tacks of policy, most people want the same thing. let's talk about the gop obstructing, but i'm just curious where you are on this whole establishment v. progressive debate that, again, i think lives more online than it does in reality. >> thank you very much, good morning, tiffany, good morning, panel. yeah, you know, it's this academic speech, and largely it's white academic speech that really cares about this artificial divide. ultimately you referenced janet jackson, and i'm going to reference janet jackson in another vein that ultimately democrats have control, and so as a result of having that color, largely voters of color are saying we gave you this control. we're the ones who put you in office. what are you going to do for us and help our material state, and currently that is not a whole bunch to be honest. >> at all. yeah, i completely agree. so roland, look, you talk about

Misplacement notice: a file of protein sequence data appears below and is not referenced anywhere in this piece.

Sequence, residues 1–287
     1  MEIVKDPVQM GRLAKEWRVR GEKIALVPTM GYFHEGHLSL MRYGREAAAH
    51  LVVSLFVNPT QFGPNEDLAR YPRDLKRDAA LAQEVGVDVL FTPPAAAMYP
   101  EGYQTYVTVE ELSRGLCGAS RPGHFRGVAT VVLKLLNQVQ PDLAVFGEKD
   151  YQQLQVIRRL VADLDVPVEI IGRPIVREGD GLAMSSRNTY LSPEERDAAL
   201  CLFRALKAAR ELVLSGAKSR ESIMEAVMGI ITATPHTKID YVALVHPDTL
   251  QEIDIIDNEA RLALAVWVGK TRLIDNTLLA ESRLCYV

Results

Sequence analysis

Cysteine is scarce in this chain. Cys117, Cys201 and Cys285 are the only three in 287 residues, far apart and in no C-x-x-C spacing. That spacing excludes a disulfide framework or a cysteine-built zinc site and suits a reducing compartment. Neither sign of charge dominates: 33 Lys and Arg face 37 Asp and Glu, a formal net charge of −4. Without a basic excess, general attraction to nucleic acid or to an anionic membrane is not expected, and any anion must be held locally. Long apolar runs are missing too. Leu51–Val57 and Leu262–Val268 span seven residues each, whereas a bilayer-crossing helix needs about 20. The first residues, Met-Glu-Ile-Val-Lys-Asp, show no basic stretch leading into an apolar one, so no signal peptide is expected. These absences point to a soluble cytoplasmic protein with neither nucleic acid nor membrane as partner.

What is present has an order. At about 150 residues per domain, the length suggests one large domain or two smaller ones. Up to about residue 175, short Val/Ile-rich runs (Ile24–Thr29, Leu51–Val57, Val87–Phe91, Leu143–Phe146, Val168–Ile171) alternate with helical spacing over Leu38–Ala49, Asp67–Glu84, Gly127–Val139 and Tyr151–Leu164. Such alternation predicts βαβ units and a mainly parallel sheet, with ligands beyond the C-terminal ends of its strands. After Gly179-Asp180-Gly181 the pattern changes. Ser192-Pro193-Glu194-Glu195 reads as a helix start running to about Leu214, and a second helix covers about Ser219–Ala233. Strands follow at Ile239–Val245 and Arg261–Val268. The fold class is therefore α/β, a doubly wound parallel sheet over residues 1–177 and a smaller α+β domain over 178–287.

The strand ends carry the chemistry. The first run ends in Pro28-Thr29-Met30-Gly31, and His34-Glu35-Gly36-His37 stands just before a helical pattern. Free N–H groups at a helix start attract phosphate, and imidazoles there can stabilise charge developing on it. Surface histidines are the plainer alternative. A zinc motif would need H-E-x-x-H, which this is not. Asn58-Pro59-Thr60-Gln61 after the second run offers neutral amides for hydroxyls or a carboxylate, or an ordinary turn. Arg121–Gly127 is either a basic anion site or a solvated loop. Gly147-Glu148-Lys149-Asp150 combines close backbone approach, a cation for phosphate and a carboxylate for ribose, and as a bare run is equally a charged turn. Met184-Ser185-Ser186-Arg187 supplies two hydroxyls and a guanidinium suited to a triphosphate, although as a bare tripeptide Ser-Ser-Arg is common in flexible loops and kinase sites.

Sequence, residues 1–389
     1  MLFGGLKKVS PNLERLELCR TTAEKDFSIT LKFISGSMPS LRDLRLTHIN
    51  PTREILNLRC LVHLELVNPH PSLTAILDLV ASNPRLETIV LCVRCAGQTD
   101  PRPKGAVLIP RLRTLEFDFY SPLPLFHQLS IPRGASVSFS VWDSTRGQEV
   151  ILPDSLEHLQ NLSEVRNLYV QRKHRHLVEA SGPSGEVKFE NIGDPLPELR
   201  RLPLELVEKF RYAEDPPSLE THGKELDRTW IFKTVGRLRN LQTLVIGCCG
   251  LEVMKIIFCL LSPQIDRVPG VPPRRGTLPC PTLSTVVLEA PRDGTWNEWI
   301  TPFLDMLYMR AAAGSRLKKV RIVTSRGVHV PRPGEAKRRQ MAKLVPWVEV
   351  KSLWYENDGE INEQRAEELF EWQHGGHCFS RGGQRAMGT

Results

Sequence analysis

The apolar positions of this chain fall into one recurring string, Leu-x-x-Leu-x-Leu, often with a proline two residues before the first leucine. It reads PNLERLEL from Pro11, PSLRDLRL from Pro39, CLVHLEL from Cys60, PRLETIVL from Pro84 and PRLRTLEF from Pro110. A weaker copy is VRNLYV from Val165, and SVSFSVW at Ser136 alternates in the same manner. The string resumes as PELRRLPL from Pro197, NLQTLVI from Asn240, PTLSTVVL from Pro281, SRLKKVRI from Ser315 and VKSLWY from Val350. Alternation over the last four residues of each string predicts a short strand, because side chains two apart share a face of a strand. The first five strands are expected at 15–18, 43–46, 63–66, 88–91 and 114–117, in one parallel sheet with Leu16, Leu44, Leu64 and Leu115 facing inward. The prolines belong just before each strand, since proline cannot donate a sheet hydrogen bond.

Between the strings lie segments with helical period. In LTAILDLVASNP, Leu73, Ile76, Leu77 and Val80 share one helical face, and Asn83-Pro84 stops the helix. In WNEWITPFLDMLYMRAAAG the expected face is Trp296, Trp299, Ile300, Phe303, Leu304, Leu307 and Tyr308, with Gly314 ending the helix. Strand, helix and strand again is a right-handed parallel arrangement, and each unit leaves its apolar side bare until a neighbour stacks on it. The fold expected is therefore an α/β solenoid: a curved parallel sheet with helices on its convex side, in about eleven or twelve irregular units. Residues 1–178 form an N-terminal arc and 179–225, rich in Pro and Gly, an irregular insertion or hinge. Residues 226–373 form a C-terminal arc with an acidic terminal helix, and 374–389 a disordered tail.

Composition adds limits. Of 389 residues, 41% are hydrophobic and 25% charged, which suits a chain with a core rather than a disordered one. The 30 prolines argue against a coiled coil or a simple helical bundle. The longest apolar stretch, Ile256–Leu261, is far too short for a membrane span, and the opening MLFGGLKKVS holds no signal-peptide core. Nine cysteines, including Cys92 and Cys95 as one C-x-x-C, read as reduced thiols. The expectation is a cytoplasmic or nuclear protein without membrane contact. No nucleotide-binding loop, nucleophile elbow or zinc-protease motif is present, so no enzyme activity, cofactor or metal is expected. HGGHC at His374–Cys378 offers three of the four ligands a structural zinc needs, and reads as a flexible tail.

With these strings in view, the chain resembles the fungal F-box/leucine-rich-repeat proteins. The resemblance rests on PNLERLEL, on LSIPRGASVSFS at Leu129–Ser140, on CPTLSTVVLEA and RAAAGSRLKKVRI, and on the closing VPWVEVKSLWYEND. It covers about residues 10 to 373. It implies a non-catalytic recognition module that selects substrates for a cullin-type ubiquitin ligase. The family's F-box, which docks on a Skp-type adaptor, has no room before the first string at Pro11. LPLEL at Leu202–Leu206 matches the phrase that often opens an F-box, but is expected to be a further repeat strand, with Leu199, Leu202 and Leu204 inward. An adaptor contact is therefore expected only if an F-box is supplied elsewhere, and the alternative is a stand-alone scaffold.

this all the time, not only on your show every day but also in our big group chat, so what do you think democrats need to be doing at this moment where the narrative seems to have gotten away from them, quite frankly? >> well, what we have to come to grips with is this here. the democratic party is totally completely different from the republican party in this way. if you are a republican, you're either right or far right. the process when you talk about political gerrymandering, how districts are being put together for the house, and then also how states are, you have a far more larger tent on the democratic side. that's why you have multiple factions. you literally have centrists, moderates, progressives, liberals, and then you've got far left liberals, so you have to juggle a lot of different interests. we discussed this a couple of weeks ago dealing with the congressional black caucus. you have democrats who are from